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Reengineering Public Healthcare

Reengineering Public Healthcare

Background

Due to insufficient healthcare infrastructure in Bijapur, injured soldiers and general public facing complicated ailments were referred to either Jagdalpur (160km) or Raipur (450km). Poor tribal people who couldn’t travel these long distances had to return to their villages seeking remedies from traditional healers (Siraah Guniya).

Prolonged lack of access to modern medical facilities has reinforced the prominence of these traditional healers. If sufficient healthcare infrastructure existed, the population of Bijapur would have received proper care and medical treatment.

Intervention

Taking into account the existing challenges in healthcare, the district administration came up with an innovative Human Resource strategy, along with improvements in infrastructure and proactive outreach to community.

Infrastructure Improvement:

  • A state-of-the-art district hospital was constructed with modular operation theatre, blood bank, pathology lab and Intensive Care Unit ward (ICUs).
  • A 50-bed mother and child healthcare centre was setup.
  • Centralised oxygen supply was provided to operation theatres and ICUs.
  • Furnished accommodation and recreational facilities were provided for medical personnel.
  • New Public Health Centres (PHCs) were built to reduce patient travel distance from 50km to 20km on an average and expand institutional outreach.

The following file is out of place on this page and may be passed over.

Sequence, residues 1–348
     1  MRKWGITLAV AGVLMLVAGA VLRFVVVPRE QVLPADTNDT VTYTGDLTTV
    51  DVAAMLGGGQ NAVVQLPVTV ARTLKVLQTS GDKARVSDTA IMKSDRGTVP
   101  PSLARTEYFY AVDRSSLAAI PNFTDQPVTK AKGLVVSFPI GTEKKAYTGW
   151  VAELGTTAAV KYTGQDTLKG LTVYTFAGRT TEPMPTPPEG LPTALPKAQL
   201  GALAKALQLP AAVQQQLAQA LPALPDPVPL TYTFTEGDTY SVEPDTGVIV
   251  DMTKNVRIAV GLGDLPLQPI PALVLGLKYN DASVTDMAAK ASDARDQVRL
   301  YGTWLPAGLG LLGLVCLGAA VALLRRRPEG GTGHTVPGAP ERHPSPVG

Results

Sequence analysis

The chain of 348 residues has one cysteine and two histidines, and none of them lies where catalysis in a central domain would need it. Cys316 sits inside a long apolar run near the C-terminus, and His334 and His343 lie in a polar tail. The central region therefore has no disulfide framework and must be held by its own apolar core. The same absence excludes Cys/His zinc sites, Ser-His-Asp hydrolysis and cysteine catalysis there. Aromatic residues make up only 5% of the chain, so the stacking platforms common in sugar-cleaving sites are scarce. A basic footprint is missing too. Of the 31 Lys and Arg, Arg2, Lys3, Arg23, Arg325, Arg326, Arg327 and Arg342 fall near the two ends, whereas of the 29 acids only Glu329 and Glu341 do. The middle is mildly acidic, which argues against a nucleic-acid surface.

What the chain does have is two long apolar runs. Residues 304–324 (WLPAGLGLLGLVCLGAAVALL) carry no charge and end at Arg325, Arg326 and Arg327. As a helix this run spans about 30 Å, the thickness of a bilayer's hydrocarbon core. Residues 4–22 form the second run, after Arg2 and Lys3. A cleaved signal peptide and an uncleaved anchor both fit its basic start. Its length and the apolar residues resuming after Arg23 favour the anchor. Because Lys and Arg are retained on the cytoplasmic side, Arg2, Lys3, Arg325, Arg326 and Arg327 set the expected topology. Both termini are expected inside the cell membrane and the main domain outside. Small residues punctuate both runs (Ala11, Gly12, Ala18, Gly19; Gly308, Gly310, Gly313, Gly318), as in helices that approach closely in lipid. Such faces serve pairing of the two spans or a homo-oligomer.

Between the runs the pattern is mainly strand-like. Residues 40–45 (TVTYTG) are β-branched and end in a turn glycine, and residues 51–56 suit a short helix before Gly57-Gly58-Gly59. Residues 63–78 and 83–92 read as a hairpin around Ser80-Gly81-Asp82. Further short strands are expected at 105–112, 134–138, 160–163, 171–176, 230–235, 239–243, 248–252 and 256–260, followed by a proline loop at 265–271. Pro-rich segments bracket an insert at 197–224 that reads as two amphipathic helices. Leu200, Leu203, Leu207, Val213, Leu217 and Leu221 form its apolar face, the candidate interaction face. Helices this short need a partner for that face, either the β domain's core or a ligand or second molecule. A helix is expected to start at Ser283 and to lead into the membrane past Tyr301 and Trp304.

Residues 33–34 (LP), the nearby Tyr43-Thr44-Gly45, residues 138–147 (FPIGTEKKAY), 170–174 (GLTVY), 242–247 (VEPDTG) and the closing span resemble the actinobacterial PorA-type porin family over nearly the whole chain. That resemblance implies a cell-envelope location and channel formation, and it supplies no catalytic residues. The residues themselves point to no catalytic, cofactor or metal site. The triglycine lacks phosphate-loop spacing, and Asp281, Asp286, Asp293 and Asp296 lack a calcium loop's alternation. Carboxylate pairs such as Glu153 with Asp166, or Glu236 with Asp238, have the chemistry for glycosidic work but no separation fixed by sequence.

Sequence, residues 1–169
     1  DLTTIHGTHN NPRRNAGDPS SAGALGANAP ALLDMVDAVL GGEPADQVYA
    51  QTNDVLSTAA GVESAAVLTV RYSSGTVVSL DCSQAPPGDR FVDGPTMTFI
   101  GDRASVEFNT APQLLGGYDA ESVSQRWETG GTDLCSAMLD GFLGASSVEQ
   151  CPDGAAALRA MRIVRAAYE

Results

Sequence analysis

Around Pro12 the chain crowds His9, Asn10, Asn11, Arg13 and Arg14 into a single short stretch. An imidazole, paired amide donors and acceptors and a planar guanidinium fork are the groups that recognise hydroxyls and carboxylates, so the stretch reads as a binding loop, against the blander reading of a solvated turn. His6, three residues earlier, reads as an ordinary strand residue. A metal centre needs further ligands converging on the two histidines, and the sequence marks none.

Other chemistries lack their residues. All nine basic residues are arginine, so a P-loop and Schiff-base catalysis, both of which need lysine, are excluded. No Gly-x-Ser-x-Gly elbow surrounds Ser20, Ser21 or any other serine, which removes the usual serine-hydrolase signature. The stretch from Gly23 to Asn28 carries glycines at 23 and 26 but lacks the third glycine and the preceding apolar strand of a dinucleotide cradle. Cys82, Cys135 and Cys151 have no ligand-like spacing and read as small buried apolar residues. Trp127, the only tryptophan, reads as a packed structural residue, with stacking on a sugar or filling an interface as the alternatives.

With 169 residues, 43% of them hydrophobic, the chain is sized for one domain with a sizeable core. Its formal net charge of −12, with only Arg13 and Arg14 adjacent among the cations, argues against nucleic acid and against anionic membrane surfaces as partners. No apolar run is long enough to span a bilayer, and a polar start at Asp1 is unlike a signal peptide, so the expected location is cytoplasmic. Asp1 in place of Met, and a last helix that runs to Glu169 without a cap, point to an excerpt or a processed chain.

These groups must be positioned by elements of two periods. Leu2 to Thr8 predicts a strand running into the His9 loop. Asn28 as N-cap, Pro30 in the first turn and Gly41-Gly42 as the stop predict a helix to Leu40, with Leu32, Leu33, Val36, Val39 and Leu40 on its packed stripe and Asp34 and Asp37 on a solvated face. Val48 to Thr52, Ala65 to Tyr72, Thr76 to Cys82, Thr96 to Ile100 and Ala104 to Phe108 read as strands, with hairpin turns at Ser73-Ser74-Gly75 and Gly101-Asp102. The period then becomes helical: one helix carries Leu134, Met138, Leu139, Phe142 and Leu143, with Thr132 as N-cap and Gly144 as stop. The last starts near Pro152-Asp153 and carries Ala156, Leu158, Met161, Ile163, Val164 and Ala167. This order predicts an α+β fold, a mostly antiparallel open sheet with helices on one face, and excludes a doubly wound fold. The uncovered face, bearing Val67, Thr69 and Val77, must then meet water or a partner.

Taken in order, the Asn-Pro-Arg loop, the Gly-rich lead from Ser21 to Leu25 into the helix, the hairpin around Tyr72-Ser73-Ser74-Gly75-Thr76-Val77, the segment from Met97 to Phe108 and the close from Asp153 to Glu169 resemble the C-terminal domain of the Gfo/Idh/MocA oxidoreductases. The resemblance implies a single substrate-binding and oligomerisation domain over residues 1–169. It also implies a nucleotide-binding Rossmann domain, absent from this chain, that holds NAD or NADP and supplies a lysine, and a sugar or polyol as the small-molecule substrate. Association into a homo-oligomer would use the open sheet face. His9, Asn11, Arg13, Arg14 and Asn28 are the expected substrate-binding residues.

Recruitment and Retainment of Talented Human Resources:

  • SOS campaign was run on WhatsApp and Facebook to reach out to specialists, doctors, and staff nurses. Salaries comparable to that of private sector, contractual appointments, and furnished accommodation with recreational amenities, jobs for spouses and school admissions of wards were provided.
  • Internal reward systems and employee welfare policies were put into place.
  • Skill trainings were provided for healthcare workers on the field.

Community Outreach:

  • Haat Bazars were organised that proved useful to reach people from inaccessible Naxal affected villages.
  • Sirah Guniya Sammelans (traditional healers meetings) were organised where traditional healers were educated towards referring patients to hospitals.
  • Saas-Bahu Sammelans were organised to target the beneficiary and decision-maker for family planning to promote institutional delivery and nutritional services. 

Impact

In a district, where there was only one specialist, 15 doctors, and 16 staff nurses, there are now 17 specialists, 30 doctors, and 116 staff nurses. They today serve patients 24x7, and have performed 1,444 major and minor surgeries. In addition, four new PHCs have been built at strategic locations to reduce the distance travelled from 50km to 20km (on an average). These PHCs have also expanded institutional outreach.

Source : Asirational Districts for WEB



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